Written evidence submitted by Anonymous (COR001)

I work [for a Registration Service], under the regulations required by the General Register Office, overseen by the Home Office. I, like many others, have an elderly parent who is in one of the high risk categories, with COPD. Information being passed down from the GRO to Superintendent Registrars and their staff has, in my opinion, been woefully inadequate so far, putting staff and the public at continued risk of infection with Covid-19.

Today (18th March 2020) has been the first day of any significant changes to our working practices regarding registration services – birth and death registrations, marriage and civil partnership ceremonies and citizenship ceremonies. We have been told by our line manager that staff in any of the high risk/vulnerable categories should work from home from tomorrow. No other changes have been made. Not even any deep cleaning of the offices (where dozens of members of the public pass through daily). Marriage and civil partnership ceremonies are still taking place in our offices and across the county at venues, as are citizenship ceremonies at [a registered venue]. We have simply been told to wash our hands between appointments and not shake hands with the public.

Presumably, in the coming days, marriage, civil partnership and citizenship ceremonies will be postponed/cancelled?

However, birth and death registrations will still need to continue.

The process for both of these is as follows;

An informant must sit down in front of a Registrar to complete these registrations as a signature is required. We have been advised (yesterday) that we can ask for only one informant to attend ie we must tell other family members who have come to wait in Reception (a small room where the Receptionist works). This, of course, will not work for birth registrations where couples who are not married or in a civil partnership must both attend.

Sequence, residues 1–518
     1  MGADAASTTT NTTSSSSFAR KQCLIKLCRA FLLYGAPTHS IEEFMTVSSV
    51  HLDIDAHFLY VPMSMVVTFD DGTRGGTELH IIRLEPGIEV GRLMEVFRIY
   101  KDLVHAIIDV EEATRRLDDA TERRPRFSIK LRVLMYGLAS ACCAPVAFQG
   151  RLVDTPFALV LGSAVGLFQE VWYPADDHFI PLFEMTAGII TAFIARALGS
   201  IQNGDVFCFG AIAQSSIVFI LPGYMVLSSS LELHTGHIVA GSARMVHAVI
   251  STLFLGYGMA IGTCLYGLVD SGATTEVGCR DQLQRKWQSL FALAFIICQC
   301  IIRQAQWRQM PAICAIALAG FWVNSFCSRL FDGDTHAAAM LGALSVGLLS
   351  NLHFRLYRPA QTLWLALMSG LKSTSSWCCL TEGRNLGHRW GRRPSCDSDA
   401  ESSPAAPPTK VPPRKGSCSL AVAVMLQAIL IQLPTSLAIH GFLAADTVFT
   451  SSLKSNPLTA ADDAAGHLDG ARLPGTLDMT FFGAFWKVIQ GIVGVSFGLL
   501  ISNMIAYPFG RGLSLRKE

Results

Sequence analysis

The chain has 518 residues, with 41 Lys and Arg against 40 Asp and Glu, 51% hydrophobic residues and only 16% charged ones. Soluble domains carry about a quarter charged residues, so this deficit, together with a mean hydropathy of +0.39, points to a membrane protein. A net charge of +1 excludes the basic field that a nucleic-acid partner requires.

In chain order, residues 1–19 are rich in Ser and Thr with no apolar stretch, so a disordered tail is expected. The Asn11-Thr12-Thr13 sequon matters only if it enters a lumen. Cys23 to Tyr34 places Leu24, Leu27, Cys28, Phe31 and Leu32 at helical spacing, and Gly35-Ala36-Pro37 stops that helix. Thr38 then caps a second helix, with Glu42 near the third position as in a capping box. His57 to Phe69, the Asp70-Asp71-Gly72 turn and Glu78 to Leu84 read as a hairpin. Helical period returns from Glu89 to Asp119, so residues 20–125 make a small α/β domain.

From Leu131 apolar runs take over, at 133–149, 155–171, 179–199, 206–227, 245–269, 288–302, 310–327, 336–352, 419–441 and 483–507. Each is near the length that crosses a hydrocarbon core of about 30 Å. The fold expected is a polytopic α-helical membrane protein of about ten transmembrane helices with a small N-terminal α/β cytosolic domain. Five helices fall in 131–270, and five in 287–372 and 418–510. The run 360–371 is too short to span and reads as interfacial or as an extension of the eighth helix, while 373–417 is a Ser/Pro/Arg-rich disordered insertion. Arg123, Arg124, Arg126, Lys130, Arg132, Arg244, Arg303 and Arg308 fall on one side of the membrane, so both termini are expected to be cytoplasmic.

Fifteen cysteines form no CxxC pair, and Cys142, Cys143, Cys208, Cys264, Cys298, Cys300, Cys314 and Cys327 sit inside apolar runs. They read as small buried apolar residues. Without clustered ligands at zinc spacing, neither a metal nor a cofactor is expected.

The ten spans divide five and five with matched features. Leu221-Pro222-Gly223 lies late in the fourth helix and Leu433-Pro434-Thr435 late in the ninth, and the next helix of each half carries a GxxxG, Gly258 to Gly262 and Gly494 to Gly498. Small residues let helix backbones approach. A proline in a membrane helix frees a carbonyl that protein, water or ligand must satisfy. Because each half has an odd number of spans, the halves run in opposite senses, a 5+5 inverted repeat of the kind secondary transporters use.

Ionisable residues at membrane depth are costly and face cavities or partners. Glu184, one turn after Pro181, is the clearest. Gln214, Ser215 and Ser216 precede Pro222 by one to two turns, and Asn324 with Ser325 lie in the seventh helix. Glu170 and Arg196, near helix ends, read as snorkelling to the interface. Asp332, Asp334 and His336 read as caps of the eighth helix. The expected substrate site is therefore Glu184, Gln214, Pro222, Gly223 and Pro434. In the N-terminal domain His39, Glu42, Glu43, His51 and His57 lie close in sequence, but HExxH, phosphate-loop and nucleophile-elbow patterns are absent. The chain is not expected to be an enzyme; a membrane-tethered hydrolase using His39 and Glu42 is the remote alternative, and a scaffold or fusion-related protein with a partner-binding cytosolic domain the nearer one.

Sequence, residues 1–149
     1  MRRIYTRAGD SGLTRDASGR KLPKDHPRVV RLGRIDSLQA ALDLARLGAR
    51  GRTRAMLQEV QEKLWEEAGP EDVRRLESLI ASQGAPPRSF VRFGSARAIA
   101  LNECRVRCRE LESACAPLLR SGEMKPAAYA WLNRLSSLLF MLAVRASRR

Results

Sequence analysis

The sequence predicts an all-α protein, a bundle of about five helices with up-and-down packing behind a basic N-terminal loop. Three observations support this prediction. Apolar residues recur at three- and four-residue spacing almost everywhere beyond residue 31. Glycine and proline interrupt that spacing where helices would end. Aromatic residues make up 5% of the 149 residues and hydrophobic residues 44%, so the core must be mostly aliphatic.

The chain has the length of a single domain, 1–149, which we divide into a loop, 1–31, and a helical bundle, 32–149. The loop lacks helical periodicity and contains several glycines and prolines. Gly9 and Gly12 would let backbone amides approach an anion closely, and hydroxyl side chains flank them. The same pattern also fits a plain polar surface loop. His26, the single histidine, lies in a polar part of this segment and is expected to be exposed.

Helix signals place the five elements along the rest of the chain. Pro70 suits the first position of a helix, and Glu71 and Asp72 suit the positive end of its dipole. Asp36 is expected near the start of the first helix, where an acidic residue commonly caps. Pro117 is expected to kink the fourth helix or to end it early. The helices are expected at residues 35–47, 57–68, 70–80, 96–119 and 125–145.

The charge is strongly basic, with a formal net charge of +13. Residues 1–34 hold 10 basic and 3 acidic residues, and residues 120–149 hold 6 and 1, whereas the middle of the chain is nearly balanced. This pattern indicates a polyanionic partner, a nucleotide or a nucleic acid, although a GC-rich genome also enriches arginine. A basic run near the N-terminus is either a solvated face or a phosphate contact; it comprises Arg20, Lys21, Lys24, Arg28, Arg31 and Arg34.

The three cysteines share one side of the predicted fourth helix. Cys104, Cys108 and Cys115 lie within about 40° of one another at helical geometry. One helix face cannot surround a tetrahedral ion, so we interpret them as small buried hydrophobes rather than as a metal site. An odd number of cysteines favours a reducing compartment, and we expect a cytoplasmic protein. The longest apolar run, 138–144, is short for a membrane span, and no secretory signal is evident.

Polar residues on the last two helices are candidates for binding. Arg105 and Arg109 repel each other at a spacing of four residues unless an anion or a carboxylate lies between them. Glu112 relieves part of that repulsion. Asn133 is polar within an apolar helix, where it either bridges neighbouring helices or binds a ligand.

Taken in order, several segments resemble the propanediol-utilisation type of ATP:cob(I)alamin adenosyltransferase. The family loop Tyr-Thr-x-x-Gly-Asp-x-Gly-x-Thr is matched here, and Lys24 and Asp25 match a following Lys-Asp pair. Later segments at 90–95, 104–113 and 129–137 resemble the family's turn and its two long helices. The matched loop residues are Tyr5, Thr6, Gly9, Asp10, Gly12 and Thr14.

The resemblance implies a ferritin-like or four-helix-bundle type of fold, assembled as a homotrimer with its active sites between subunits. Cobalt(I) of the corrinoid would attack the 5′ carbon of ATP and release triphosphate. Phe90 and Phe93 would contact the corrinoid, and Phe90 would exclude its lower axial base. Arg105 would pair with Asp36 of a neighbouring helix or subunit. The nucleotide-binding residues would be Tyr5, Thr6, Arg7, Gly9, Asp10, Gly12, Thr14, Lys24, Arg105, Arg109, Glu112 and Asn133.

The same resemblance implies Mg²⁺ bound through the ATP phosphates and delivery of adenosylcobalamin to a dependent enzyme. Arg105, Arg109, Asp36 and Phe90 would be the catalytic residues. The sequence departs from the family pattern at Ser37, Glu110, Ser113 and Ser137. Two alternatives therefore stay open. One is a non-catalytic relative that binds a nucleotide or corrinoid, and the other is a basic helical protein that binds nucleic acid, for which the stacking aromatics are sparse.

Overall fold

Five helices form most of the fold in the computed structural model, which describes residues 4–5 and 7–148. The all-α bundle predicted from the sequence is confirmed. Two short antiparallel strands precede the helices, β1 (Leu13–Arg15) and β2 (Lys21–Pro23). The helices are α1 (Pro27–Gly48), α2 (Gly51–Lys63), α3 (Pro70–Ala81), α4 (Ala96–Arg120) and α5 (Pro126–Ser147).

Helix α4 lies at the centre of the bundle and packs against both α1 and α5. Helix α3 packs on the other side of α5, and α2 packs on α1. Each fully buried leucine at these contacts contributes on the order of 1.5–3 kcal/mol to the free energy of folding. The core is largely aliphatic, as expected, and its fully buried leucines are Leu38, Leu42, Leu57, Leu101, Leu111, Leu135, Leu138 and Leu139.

The entire information-gathering process in these registration appointments takes place via an online system called RON. Information is asked of the informants and the information is inputted. A register page is generated and signed by both the informant/s and the Registrar. Certificates are then produced, signed only by the Registrars. This could all be done (except the informant’s/informants’ signature/s on the register page) either by phone or via Skpye. Certificates could be sent in the post.

I note that discussions are already afoot, under the Coronavirus Bill, to change the usual process of Medical Certificates of the Cause of Death being collected by the family member and taken to the Registrar. As I understand it, it is proposed that these will be sent directly from GPs/hospital doctors straight to funeral directors to avoid relatives having to go in to GP surgeries to collect these and bring to Registrars for death registration appointments. Again, Registrars could be sent these electronically by doctors for checking and issue the ‘green form’ required for funeral directors, (usually taken by informants at the end of the appointment and then handed physically to funeral directors), via email.

In summary then, in these extreme circumstances, for the sake of a signature, and in order to keep Registrars healthy and to be able to maintain a working system of registration throughout this crisis which may last many months and even years, surely an alternative can be found so that Registrars do not have to come into contact with members of the public? For example, “Signature as declared to me by telephone” and signed by the Registrar? Or a scanned version of a signature emailed directly to the Registrar? Has there been no planning for a crisis such as this?

I have been extremely concerned for weeks at the lack of preparedness for this crisis, and total lack of guidance from the GRO to staff, pointing to a total lack of leadership and management. Is the Registrar General, Mark Thomson, even still in post? It was my understanding that he was leaving this month and still no replacement has been publically announced.

March 2020